Smarter Business Podcast - Business Advice with a Video Bent

Ginine Capozzi - KnowledgeForce Consulting - Consulting, COVID and First Videos - Episode 21

August 15, 2020 Ginine Capozzi Season 1 Episode 21
Smarter Business Podcast - Business Advice with a Video Bent
Ginine Capozzi - KnowledgeForce Consulting - Consulting, COVID and First Videos - Episode 21
Show Notes Transcript

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In this episode of the Smarter Business Podcast, Neil interviews Ginine Capozzi, owner of KnowledgeForce Consulting. Ginine talks about the effects of COVID-19 on her business, working from home and her many video firsts. 

Here is a link to Ginine's site - https://knowledgeforceconsulting.com/

And a link to the vidwheel Creator Network - https://vidwheel.com/creator-network/

If you like what you hear, please subscribe wherever you are taking in this podcast, and please leave a comment - we are always looking for feedback and it can help people find the show.

Our goal with this podcast to deliver high-quality, actionable tips and advice from business leaders. Advice that will help you succeed. Oh yeah and that video bent - we are going beyond the typical business tips, we are going to explore the use of video with these business leaders too, from marketing to sales, to internal communications - how they use it and how it impacts their businesses. Thanks for tuning in. 

0:00 - Intro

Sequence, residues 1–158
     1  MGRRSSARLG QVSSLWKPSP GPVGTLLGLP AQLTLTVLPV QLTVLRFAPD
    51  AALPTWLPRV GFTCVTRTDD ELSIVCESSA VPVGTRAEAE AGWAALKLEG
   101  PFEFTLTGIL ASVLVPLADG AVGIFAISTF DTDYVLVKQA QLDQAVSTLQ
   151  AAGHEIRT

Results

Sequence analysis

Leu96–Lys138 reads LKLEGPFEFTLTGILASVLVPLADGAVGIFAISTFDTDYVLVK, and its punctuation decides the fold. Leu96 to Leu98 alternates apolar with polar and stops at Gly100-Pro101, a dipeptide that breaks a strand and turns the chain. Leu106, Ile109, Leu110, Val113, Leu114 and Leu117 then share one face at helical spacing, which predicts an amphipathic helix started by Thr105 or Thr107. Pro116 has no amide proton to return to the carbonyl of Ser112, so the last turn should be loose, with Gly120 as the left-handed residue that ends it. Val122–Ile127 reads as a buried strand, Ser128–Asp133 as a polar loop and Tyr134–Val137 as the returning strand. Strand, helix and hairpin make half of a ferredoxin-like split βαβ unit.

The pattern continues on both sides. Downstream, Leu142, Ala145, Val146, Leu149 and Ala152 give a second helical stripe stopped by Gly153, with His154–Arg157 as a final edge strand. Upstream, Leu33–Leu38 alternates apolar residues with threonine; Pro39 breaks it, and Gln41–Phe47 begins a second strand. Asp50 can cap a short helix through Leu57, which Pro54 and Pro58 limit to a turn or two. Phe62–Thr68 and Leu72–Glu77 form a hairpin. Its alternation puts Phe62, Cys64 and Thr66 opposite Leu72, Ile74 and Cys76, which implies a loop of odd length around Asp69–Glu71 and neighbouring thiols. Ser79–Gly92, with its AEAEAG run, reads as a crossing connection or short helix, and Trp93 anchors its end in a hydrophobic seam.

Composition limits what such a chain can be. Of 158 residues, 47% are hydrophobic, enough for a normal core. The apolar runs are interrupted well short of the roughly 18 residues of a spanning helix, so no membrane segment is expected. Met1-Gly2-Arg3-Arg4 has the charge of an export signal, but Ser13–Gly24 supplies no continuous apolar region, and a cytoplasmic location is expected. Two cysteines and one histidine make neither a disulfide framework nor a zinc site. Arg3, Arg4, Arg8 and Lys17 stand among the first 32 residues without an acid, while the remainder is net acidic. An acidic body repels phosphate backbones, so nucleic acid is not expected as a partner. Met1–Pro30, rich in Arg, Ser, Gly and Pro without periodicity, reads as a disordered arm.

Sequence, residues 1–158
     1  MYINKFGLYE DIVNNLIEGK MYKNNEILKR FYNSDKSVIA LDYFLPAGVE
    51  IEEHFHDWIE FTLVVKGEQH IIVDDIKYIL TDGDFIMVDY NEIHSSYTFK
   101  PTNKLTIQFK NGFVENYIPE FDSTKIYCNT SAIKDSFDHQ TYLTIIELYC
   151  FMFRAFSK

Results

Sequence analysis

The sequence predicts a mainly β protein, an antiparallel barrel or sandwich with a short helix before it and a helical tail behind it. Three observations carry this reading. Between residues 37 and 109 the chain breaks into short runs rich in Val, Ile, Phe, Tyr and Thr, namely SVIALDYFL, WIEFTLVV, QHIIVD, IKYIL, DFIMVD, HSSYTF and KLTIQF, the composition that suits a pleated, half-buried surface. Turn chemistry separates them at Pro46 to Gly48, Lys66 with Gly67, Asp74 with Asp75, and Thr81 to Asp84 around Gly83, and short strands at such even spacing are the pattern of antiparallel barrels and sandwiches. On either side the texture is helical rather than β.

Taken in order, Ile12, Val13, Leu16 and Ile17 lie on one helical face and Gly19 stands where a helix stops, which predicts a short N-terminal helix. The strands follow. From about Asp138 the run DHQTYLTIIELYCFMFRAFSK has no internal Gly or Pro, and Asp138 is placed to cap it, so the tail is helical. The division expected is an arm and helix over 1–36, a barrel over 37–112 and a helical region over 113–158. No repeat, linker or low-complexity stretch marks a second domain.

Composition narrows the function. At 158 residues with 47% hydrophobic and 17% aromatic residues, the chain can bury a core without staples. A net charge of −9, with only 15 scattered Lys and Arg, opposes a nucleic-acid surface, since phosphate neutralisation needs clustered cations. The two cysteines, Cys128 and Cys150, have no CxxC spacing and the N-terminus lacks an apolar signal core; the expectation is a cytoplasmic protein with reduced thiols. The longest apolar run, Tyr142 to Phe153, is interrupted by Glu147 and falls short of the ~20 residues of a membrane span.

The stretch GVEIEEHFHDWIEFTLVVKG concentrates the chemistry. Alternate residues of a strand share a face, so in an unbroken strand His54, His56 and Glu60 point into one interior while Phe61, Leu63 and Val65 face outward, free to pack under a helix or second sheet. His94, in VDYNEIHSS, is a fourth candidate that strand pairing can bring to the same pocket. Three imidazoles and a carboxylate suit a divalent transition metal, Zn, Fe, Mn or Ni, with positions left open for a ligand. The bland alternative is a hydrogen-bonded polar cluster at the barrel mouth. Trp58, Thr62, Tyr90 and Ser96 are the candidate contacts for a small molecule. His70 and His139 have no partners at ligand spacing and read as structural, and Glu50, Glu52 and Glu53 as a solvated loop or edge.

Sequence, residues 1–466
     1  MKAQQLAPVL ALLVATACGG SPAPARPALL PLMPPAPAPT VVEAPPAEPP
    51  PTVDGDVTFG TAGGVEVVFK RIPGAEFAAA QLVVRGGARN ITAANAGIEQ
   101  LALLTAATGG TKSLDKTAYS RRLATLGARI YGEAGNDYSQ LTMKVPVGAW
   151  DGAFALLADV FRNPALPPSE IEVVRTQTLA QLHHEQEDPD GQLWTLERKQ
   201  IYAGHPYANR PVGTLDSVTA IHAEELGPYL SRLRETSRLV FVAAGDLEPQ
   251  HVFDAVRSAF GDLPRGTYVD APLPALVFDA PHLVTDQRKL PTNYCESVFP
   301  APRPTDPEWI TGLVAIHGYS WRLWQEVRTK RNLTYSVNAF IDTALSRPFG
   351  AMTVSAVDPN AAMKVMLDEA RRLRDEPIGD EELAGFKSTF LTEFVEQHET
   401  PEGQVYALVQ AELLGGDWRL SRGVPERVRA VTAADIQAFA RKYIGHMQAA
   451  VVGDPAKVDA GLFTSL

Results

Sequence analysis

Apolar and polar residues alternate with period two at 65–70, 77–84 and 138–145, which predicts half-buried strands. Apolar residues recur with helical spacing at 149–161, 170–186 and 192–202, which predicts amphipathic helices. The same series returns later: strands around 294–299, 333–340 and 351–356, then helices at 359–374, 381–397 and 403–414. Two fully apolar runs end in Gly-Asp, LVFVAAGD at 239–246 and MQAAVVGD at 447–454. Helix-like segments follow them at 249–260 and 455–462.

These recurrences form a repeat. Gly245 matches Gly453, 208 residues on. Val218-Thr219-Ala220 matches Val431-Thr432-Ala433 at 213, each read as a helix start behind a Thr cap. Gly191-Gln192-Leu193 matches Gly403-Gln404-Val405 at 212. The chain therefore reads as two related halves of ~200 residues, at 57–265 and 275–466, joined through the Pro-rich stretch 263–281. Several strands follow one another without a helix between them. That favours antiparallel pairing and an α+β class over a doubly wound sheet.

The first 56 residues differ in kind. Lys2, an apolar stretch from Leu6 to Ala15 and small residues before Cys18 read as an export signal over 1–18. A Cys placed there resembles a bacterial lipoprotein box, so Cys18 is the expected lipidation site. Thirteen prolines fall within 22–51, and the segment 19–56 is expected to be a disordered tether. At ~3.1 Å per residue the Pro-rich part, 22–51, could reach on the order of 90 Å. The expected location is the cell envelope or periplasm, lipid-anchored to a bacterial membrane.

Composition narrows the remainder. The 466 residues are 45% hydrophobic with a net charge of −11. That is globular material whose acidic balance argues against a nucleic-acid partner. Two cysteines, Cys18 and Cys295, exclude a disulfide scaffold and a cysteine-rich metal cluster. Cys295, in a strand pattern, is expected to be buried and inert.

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(upbeat music) - Welcome to this episode of the Smarter Business podcast. On this episode, we have Ginine Capozzi of Knowledge Force Consulting. She's gonna talk with us a little bit about how consulting has changed and how she utilizes video. - So I'm Ginine Capozzi as you said. I am a small business owner of a talent development firm. We're gonna design and deliver organization specific training solutions that really connect people, concepts skills and real world experience. And by doing that in developing those training programs, our customers achieve greater productivity, improved efficiencies and enhanced performance for their teams and their business overall. So we help develop those solutions from strategy all the way out to execution. - Excellent. Well, overall how's life right now. How's business, you know, we're both in New York state, a lot of the restrictions have lifted. Have you... have you got back to work? Or are you doing a lot of things virtually still. - So I have to be honest. My business has been virtual for the majority of the time. I have worked remotely myself for over 20 years and Knowledge Force has been entirely virtual since we started in 2012. So the world of virtual work was similar. How it's changed is I haven't been on a plane since December and I'm going through withdrawals. So I haven't actually seen my customers in a physical way in person for meetings or training sessions. And that's how it's really shifted, day to day types of work, developing those solutions. Myself and the team have worked from home for years. And it's been an interesting time in training because we're finding that there are certain things that have moved entirely, you know, out of scope and people are not focusing on right now because of the shifts in industry. And then there's other things that the phone hasn't stopped ringing about. So of course you would imagine anything that was once gonna be a live training. People are asking for our expertise of like, "How can we turn that into E-learning? "And how do we get it done yesterday?" And the answer is you would have gotten it done yesterday if we did it yesterday, (laughs) Right. But I'm trying to get through as much of a rapid development conversion process. And I think that we're all had been hopeful, that things were gonna bounce back a bit quicker to new normal and are finding that most of my clients now have delayed any sort of in person, visits, meetings on sites, at least through Q two of 2021. So I'm looking at another six months. It'll probably be about a year out of the traditional field. - Oh yeah. That's, that's a longer, longer span than have heard a lot of folks. - Yeah, I think part of the we were saying that I think part of the reason is it's one thing you could always backtrack if we're able to do it but the constant one month, one month, one month, one month decision-making is leading to a lot of instability and inability for people to plan. And so by making that judgment call that says, we're saying no travel, no onsite till next you know to Q2 2021, then people can plan and then it will be great to do it sooner. - Excellent, yeah and I mean that, that's what it... Nobody's gonna get mad if you can deliver more than what they expect, right. - Exactly. - So that's, that works. So, you know, it sounds like a fair amount has changed. There's no travel, we deal with that in video production work as well. We've had to change a lot of things. Do you think there's a single kind of biggest change or is it really just this, you know, training has gone virtual and so on? - I think that it, for me, that it's training has gone virtual. I think it's the blending of work and personal life in a way that separation. So I think a lot of businesses just are, or a lot of employees aren't used to it, right. That idea of how do we keep work as work and life as life when we've really merged them together, our home lives, our dogs barking. But there's something that's also been really personal about it on relationship building with customers and, you know, things that we would have probably never shared with each other in the past, health concerns or aging parents or sick dogs, you know. There's just been this piece that it's okay to be human and be in business, run a business, work for a business. And I don't know, there's just something about that, that I found to be positive, is a positive shift, little more compassion that we're all just trying to do our best. - Yeah, yeah, yeah. I would agree with that. And we talk about that. I've talked about that with a number of people it's come up in some of our creator network meetings where it's really a lot more about authenticity at this point than it has been, it used to be about being as polished and professional as possible. But now, you know, yeah. The kids come in on the Zoom meeting, like I said, the dog's barking in the background, like that's, that's real and that stuff you would have gone to great lengths to edit out of the pre-COVID world, but right now, and hopefully going forward, that is, that's not, yeah, we don't have to sanitize our life. Actually, my kids are running around outside right now. And you may be able to hear that. (laughs) - That's so funny. Even things you might, you know, I see your hair's a lot like mine, right. But, so, I mean, before I would shoot video with you in the past, it was like a thing, like go get my hair done, make sure my nails were done. Was my makeup ready? Like whatever it was. So on those first videos, it was like, everything was so... and I appreciated that. That's the feel I wanted to have. I still try to have that in the house here, but it's not quite, it just doesn't quite come off that way. I mean, you could see my little ear buds, you know, in the past that would have been like no way, Neil. Where's the boom mic. - Yeah, yeah, yeah. It works though. It works for sure. Yeah. So to bring it back to my notes here, I'm wondering where are we at here? Has anything really stayed the same, do you think? Has anything... Yeah, I don't know. Just hasn't changed that much. - Yeah, I mean I have found that the privilege from working from home for me that has been my privilege for 20 years kind of set me up for this. So what stayed the same? A lot of my customers who have similar environments in this type of field, the types of fields that I support, those HR representatives, they were able to transition to home and meeting still went off without a hitch. So I've actually been really proud of how much we have been able to maintain business continuity and, you know, hope in an optimistic for, you know, 2021 that things still stay that way. One of the things I've been very happy about is that oftentimes when there's a big contraction in the economy, training is one of the things that organizations think like, go trainings done. Like we're cutting that budget, no conferences, no training budget, no, right. Those types of things disappear. And it's amazing to me that in spite of the fact that all of that's had to shift, training has still maintained an essential role and being important where we're focusing our efforts are a bit different, but it's still there. There's this commitment to it. And I'm grateful for that because if someone has been a practitioner for like 20... What that tells me is, as a society we've shifted and we recognize that human capital, our talent, our people is not just this thing. It's what we need for business. And we see just how central it is in making things keep going. And I think that the part of that is because of everything that's happened with the pandemic in this worldwide environment, without adaptability of our team, these businesses would have just fallen on the ground. And I look around the world, I mean I'm inspired at the ingenuity and adaptability that we found. - Yeah, Yeah. And it's a, I think, nothing is gonna, I dunno. Nothing's gonna get folks to focus on training more than a shift like we've experienced in terms of like, you know, on site teams, all of a sudden being off site, everything being de-centralized, all of a sudden, yeah. The person that you trained perfectly to work in that cubicle over there and have everything on point is in, you know, is across town and you're trying to do things virtually and there's a lot more, there's a lot more to it. It's a little more complex, I think, right. - It adds complexity. It requires a lot more trust. It requires better communication skills. It requires flexibility and adaptability. So there's just some things and you know what? We have to be honest, it's not for everybody. I've been joking with my brother. He lives in California, works for a very large tech company. And so, you know, you would think that they can easily go and work home and he's like, "Please, dear God, "when will they let us back into the office?" (laughs) You know, he's got two little kids at home. His wife works from home. Not every house is set up to do this. It's not easy, but we're making it happen. And I'm so impressed by people. So that kind of answers your question, what stayed the same is this hodgepodge of what stayed the same and what's different. Like, I guess I feel like the building blocks for me are the same, the like ongoing, you know, the minutiae is a little bit of what's different, the coloring of those blocks. - Excellent. - Yeah. - Yeah, all right. Well, very well said. (laughs) - I try. (laughs) It's all your coaching and practice. - I don't know if it's my coaching, but I'll take it. So part of the reason that I wanted to have you on this podcast at this time is that we've rolled out and this has come up on a couple of previous episodes of this podcast, but we've rolled out something called the Vidwheel Creator Network, which is a product that sets up solopreneurs, small business owners with a video kit and coaching and a community to kind of support their creation. But the goal of it is to empower these small business owners to create their own video content. And the theme in the network this month is first videos. So that's why I thought it would be great to talk to you because we have had a ton of discussions about your first video and you already touched on kind of how things might be a little different now, you can't, or you don't have to go get your hair done every time before you're on video because you know, every Zoom meeting and so on, that's going on so regularly. But can you explain, I guess, what some of your, what kind of some of the things that were holding you back on that first video? Was there I think there was some fear of being in front of camera and so on. - So my first video in the studio and my first video on this set up-- - Oh yes right. - We're both fearful. So my very first in the studio was just that idea of like, how do I do this? You and I talked about riffing it where you just asked me a question and I'd respond, but I didn't like my, you know, bumbling through answers. I wanted to come off more polished and more scripted. And so we went through the process of like reading a teleprompter and learning how to read the teleprompter and do all of that. So it was intimidating, you know, I just thought like, what are people gonna think? Or do I really have anything special to share? Like, what am I sharing that's so unique? I think was, and who's gonna want to listen to me, there's a lot of questions about that and you really were able to talk me through, you know, what the conversation would look like, what are types of things that people do wanna hear. What do they want to talk about? And so I don't know that coaching at the beginning was helpful. And then just the trial by, you know, trial by fire, just do it and keep doing it. I remember my first session with you. I think we booked like 30 minutes and I think I was in there an hour, but what I loved about it was, is you just went with it. You're like whatever we're gonna make it be great. And that was really cool because I didn't feel the pressure. You were very generous with your time and expertise in that sense of saying like, "No, we want it to be great." "So if you have to be in here longer, "you have to be in here longer." And then doing it in my office here. I mean, we had some practice sessions of where's the camera height the right way? And how do we do this? And do you use a microphone? And do I use these earbuds? Do I use the computer earbuds, right? And then just, I had to come to terms with, it wasn't gonna be perfect, right. It wasn't gonna be studio quality. I can see the light, you know, flickering. And every time a cloud moves by the lighting changes, it was just wasn't gonna be the same. And it was a struggling of having to adapt to that. And so those were kind of my big fears. - Well, that just loops right back around to the whole authenticity thing, at least during the COVID lockdowns, right? Like people are, wear the ear buds, nobody's gonna think any less of the video and truly and this is where I think, you know, a lot of it just shines past all the kind of the surface stuff, but it's all about content anyway, right? So you're saying if you have great messaging, great content for people, there's a lot of instances where videos don't look very good at all and they still do well but it's helpful. That's all right. - Right now I'm watching the lighting change, I'm like now there another cloud. - Yeah just proven the point. - Now I'm in the shadows. Now I'm in the shadows. (laughs) So, yeah overcoming and I'm gonna do a little plug for you and me, I mean I've got a blooper reel that we pulled together that you know, once I got more comfortable in front of the camera, here I am going out to training sessions and teaching people about the value and importance of authenticity, the value and importance of practice till you get better and you get more comfortable, say the words do it. And I wasn't even showing off what I have to do in order to come off and feel that way. So we ended up, you know, pulling together a blooper reel, Vidwheel helped me do that with a bunch of my sessions. And you see my real personality come out, being more comfortable behind the camera. So-- - Yeah and that actually that's worth two points, right? Like the first one I would say is like, the more you do it, the easier it gets, I'm sure you would agree with that right. That first one is the scariest video, but the more you do it and the more you go through those blooper moments, like the better it gets. And then as you've told me, people have loved that blooper reel, right? - They love it. So you went both ways, just record your bloopers and you'll have a blooper reel show. - I know so we'll just have to do all the outtakes of our sessions today too. So no, I do. I think it's fun and you do get over it and you learn. I think what I've learned is almost everyone feels like a first one, but for a different reason, you know, now it's like, okay, first one where I scripted lesser, first one where I'm, you know, sitting down versus standing up. Let me tell you that's a difference. That's a really big difference. - Which is your preference. - I'd stand up all day long. So I've got to get to it... Once I go to the next round of setup for office camera and recording in here, I have to be in a setup standing situation. - Ending desk. We have somebody from the creator network who just made that adjustment and she likes it a lot more. She feels like she can express herself a little more fully standing. And it's interesting right? 'Cause it's person to person. That was the other thing. Another thing you touched on that actually I was gonna loop back to is you're used to standing up in front of large groups of people and that doesn't necessarily make you nervous. But when you got in front of the camera, it made you nervous. And I personally am the total opposite, right? Like I stammer all over myself when I'm in front a room of, you know, even 20 people. But when I'm in front of the camera, I'm usually significantly more comfortable. Though it wasn't always that way either, right? Like that took a few years to kind of get put together. But this whole COVID lockdowns had me doing interviews like this, you know, on Zoom, talking to big groups on Zoom and it's been, I've had to go even deeper on that. And it works for me for whatever that's worth. - Yeah, I think some of it is just, and being very honest here, it's just getting comfortable with seeing yourself on camera, right. And that idea, it's not even just the recording. It's just like, "Oh wow, I always tilt my head to a side." Like I do that in real life. People has never said that to me. - I go this way a lot when I talk, but yes. - I noticed that or I would notice, you know, that hair flips that I constantly, that I'm constantly like moving my bangs on the way. I think I do all those rigidy things all the time in front of people. It doesn't feel, I don't know. It doesn't feel bad in the context of an environment, nobody's ever said to me, "Wow, she's really got some quirks. "Let me talk to you about those." But you notice them, they show up differently on camera and we are as human beings. I can... I remember sharing a video with a family member and said, "Oh, can you see, I stumbled on my words here." And I looked totally tied at that point, but we couldn't edit it out. It was the silliest thing. And they were like, are you kidding me? I didn't notice any of that at all. - Until you pointed it out to me, right. - Yeah did you notice that awful hair that was like hanging in my face. No, I did not, right. So we're just always our worst, our own worst enemies when it comes to certain things and being on camera is one of them, I think. - Yeah and the... The other thing that comes with that is that I think people develop some other weird ticks and so on when they're on camera, right? Like maybe you don't flip your hair when you're talking in a meeting, but when you're on camera, you do, or like, and this actually, I'm kind of doing it on purpose now, but like I want at one point, like kind of taught myself that if you wanna feel a little more animated on camera, you talk with your hands. I don't talk with my hands if there's not a camera in front of me, like I don't lift them up off the table. But when I'm like trying to make a point on video, then I like do it, you know? So that's, you can train yourself to do some of those things too. - I definitely noticed that about you. And I noticed that when I'm on camera, I tend to like, kind of like shift my weight and rock when I'm standing. I don't do that in real life. (laughs) So it's just, you know, it's just kind of funny, but all of those things I learned and can also be unlearned. And the value for me, a video has been great. I mean, so as a consultant, I know that you're probably sharing this with a bunch of consultants, but my game is all about trust, right? I can share with you all day long that I've worked with these great, fantastic, well known household, brand name companies, and developed training programs. And, you know, average client relationships is five and a half years or whatever my stats are. That's great, I can put that all in an email to you. I can do whatever. But when you see me and engage with me, that's the trust building piece. And I think in today's business environment, we scope people out before we give them a call, we can do a lot of the research that we would have never done before, we would have had that first in person conversation. You know, joke and say, "It's like online dating, right?" You're just doing it with businesses. Like you can swipe past some pictures and see what you wanna see. And you think it all looks great, but then you like meet a person like no chemistry, right? And that's what video helps you figure out. - Well, that's and I've used that line quite a bit. It's like you get a chance to meet someone before you meet someone, which is especially important as a consultant or anyone who kind of is selling their own personality as much as anything, right. Because even if the knowledge is similar between consultant A and consultant B, you're gonna hire one because they fit your personality, the way you like to teach, you know, whatever it might be. There's gonna be that little differentiation. That's going to be the, the deciding factor. - Absolutely, absolutely. When all things are equal, right? - Yes, yeah. And alright, I'm gonna bring us back to this script before we go along here. And it is when you did put out that first video, what was the reaction? - My reaction or other people's? - Other people's reaction? (laughs) - Good question. - I think we covered my reaction. I think we covered mine. So it is, that's funny. It was great. It was actually really positive. I do have to say my mom has a very large social media following, so she really helps plug and play. You have never met a 72 year old who has a bigger network, but so anyways, I hope that's her age, I shouldn't have told the world. So, anyways, yes, it was really positive. I got great feedback, good comments. A lot of people just saying, just positive words of encouragement, like great job, or I could have never gotten on video, you know, people, and then there's that encouragement. That's like, no, really trust me I did it. You can too, you know, and I think that the most important thing I've shared with some of my friends who have started to do videos is there isn't a right way. Like, they're just kind of, isn't a right way. And we all go about this thinking like there has to be this this is what it is. But as we said, Covid let us all be a bit more authentic. So do what's authentic to you? Yeah, you know and one last thought on that, it's helped to give me courage too, and it's always hard to find the time, but I've been pulling together some ways to do a little bit of my own recording so that I can just put together my own thoughts and it doesn't have to just be all the super high polish. No I want my arms, I still want my arms edited and I still want, you know, some nice finishing touches and still gonna need a Vidwheel to help me. But it's different. It's just a little different. And for that, it makes it more accessible. And I like that. - Well that's, and that's something we talked to a lot of clients about, right? Like it doesn't... All the content you put out doesn't have to be super polished. Like it makes sense to if you're putting out like a real strategic polished cadence of videos, but in between you just do like day in the life, kind of, "Hey, this happened to me today. "And I wanted to let you all know." Like that... Especially those smaller bits don't necessarily need to be super polished. So yeah, there's so many ways to attack it and it's whatever works for your business, your personality, the amount of time and effort and money you have to throw at it. And you just, I don't know. I encourage everyone just go for it, right. You know, first one's not gonna be your best one, just get over it and go. - Well, and it's funny. I don't know if there's any Brene Brown fans out there or people who know who she is, but Brene Brown is very well known business coach these days and lots and lots of things. And she calls them your FFTs we'll bleep out the first F, but you can imagine what it is F times right. And so those first times, the first times are hard because it's the first time. And then it's a little easier. And then a different portion of the first time gets kind of weaved in there. And that's why I was joking saying like, "Okay, what first time in front of the studio, "or first time with one camera man "versus a different camera man. "Or first time in my office doing it myself." Like they're all kind of a little bit different, but you get through them. - Yeah, absolutely. And that's, you're spot on there, right? Like the, the first one, I always tell people, "Yeah, ship it right." Just go for it. Don't be afraid of putting it out there. There's another guy in the creator network who's always like, "Video's great 'cause if you put one out there "and it's junk, nobody will ever see it right." (laughs) Like the reality is there needs to be some kind of, you know, people need to interact and people need to share in everything if that's really gonna reach. So if it's not great, not that many people are gonna see it. - It's not gonna go out there. That's true, I like it. That's a good attitude. - Yeah, so just do it. Okay, so what we do to tie all of these episodes together is that we ask the same question. This is the smarter business podcast. And the question that we ask is what is one thing that you have done to make your business or client's business smarter. And it's gotta be one thing. That's what makes it hard. - Wow. Okay, stump me. Can we... - Yeah we can cut this out. (laughs) - I'm trying to think one of the things that in business. - I only sent you the notes, you know, 10 minutes before the recordings so it's okay. - Okay, I was like, I'm struggling here a little bit. Let me think about what that would be. I would say that my, in general, for clients, it is developing a strategic learning plan that ties to the broader business strategy. - Excellent. - Customers don't do it or people don't do it when it relates to training. And that's what makes businesses better, tying the two together. - Yeah, absolutely. If you're not tying everything to your strategic plan going forward, you're, I don't know, running zigzag, I guess, right. You know, it's not as straight a line. - And to believe they are not people. People think that, well, they have a training problem. So they just went off to get training done, but they don't necessarily connect it to that and they don't have a strategy with it. And so then, like you said, we're like chasing, chasing things and then it doesn't, it's not as efficient and it's not as cohesive and it's not as scalable or reusable. So those are the reasons why, but that's it creating strategic, you know, a strategic plan, that's very specific to learning and talent development. - Excellent, all right. So that's the end of our kind of formal questions and so on. I do always end every interview with an open ended. Just, is there anything else you wanna say, some people have used this spot to push a book, talk about software, mentality in business. Just, you know, if you have any last words you are... the floor is yours I'll say. - The floor is mine. So I would just say that I think that it's incredibly important to continue to maintain and develop your people over time. And the training is essential, especially in downturns of economy, because it's what keeps people engaged and moving and driving your business forward. So as easy and as natural as it may seem to think, like we've got a great team in place, we can pull back on that. It is actually something you don't wanna pull back on. And now everything has to be formal training in order to continue to be a development. And, you know, that can just include cross training or special projects, things of that nature. And it always hurts my heart when people think like, "We could just get rid of training "or that's not that important." Because it really is the glue that keeps things going. And I think like many systemic things that have bubbled up during all of this, COVID crazy. It's that when you had, when you've got really great people in place a lot can still, you can have a lot of business continuity still happening. And if you don't have good business processes and practices in place and cross-training and a good group of people, a lot of things fall through the cracks and the time to build that up and maintain it is now. - Excellent. That's a great last thing. I like it. So Ginine, thank you for taking the time to be on. Typically when we're back in studio we would shake hands, but.. - High five, virtual high five. - Just wave goodbye and yeah. Thanks again. - All right, thanks a lot. (upbeat music)